Yesterday, International Fresh Produce Association (IFPA) co-CEOs Cathy Burns and Tom Stenzel met with Canadian Agriculture Minister Marie-Claude Bibeau at the Canadian Embassy in Washington, D.C., to discuss supply chain issues critical to the fresh produce trade.
Among the topics explored were the very recent enforcement of vaccine requirements for non-citizen transportation drivers entering each nation, U.S. International Trade Commission investigations on the fruit and vegetable trade as well as phytosanitary concerns like the presence of potato wart in Prince Edward Island.
IFPA co-Ceo's Tom Stenzel and Cathy Burns pictured with Canadian Agricultural Minister, Marie-Claude Bibeau, at the Canadian Embassy in Washington, D.C.
“Canada is a key trading partner for the U.S. industry as both an importer and export market for fresh fruits and vegetables,” said IFPA’s Stenzel. “IFPA is committed to global engagement with international bodies to promote free and fair trade, international harmonization of standards and worldwide growth in fresh produce consumption.”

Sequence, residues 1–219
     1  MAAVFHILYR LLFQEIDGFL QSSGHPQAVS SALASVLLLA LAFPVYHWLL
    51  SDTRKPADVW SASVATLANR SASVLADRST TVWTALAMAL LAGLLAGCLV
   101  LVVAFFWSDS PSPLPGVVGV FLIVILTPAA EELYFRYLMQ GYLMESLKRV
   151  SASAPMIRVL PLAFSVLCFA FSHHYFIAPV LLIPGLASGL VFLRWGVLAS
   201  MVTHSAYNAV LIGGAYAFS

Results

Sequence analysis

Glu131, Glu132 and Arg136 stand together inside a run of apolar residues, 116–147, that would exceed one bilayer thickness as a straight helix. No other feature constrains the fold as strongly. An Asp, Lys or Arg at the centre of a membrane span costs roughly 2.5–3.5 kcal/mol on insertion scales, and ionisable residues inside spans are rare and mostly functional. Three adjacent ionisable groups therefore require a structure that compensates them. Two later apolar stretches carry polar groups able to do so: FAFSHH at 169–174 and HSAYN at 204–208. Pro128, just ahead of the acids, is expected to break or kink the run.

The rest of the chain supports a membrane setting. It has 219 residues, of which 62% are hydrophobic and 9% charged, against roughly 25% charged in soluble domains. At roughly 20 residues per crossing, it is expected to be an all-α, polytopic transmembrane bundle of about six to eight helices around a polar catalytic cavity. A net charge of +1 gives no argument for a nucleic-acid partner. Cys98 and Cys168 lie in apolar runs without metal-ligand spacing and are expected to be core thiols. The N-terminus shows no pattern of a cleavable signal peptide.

Burns added, “This was a great opportunity to explore areas of collaboration and cooperation to ensure the movement of produce flows smoothly so that shoppers continue to have year-round choice in the marketplace. Trade barriers don’t just disrupt supplies; they disrupt lives.”